In its efforts to take control of dengue fever in Asia, Malaysia has released 6,000 genetically modified (GM) mosquitoes in a forest.
The landmark trial, however, has sparked widespread concern among environmentalists who fear it might create uncontrollable new species and affect the ecosystem, reports the Daily Mail.
The field test is meant to pave the way for the official use of genetically engineered Aedes aegypti male mosquitoes to mate with females and produce offspring with shorter lives, thus curtailing the population.
Only female Aedes aegypti mosquitoes spread dengue fever.
However, the plan has sparked criticism by some Malaysian environmentalists, who fear it might have unforeseen consequences, such as the inadvertent creation of uncontrollable mutated mosquitoes.
They also said such plans could leave a vacuum in the ecosystem that is then filled by another insect species, potentially introducing new diseases.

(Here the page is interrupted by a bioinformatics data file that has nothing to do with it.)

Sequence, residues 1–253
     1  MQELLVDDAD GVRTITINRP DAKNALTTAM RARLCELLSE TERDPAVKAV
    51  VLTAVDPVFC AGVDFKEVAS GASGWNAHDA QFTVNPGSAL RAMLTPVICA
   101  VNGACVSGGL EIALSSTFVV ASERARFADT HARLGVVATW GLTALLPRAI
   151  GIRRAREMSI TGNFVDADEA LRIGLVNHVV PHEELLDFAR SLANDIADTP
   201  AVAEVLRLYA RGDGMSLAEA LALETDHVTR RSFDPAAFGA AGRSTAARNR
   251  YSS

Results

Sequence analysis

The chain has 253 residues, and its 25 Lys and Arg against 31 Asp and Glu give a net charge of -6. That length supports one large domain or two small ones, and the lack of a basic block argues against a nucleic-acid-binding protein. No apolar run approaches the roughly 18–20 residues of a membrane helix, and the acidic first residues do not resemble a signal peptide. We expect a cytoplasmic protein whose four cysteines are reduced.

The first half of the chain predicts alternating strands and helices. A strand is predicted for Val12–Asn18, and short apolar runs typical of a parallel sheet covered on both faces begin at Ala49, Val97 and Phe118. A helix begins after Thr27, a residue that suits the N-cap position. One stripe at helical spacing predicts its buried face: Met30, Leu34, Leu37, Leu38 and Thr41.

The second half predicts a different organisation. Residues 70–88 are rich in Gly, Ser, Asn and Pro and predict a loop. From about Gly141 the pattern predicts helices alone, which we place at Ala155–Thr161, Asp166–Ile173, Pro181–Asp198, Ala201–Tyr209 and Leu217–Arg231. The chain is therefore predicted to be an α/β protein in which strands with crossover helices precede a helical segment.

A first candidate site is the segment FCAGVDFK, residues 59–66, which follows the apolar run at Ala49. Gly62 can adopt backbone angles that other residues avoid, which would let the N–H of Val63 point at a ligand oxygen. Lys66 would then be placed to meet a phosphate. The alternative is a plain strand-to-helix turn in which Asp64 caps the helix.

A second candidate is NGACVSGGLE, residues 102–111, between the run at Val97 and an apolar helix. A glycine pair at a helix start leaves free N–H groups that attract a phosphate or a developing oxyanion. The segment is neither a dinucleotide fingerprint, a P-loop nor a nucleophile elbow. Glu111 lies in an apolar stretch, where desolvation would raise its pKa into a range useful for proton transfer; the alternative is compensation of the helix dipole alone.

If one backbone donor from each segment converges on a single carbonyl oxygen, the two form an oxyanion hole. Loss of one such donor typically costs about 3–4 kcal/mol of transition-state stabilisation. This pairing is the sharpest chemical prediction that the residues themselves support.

Malaysian authorities have dismissed the fears and said they were conducting small-scale research and would not rush into any widespread release of mosquitoes.he government-run Institute for Medical Research released about 6,000 non-biting sterile male lab mosquitoes into a forest on December 21.
Another 6,000 wild male Aedes aegypti mosquitoes were also placed in the area for scientific comparison, it said in a statement.
The institute said the experiment was 'successfully' concluded on January 5, and that all the mosquitoes were killed with insecticide.
It was not planning to release any more mosquitoes until it had analysed the results of the lab mosquitoes' life span and extent of their dispersal in the wild.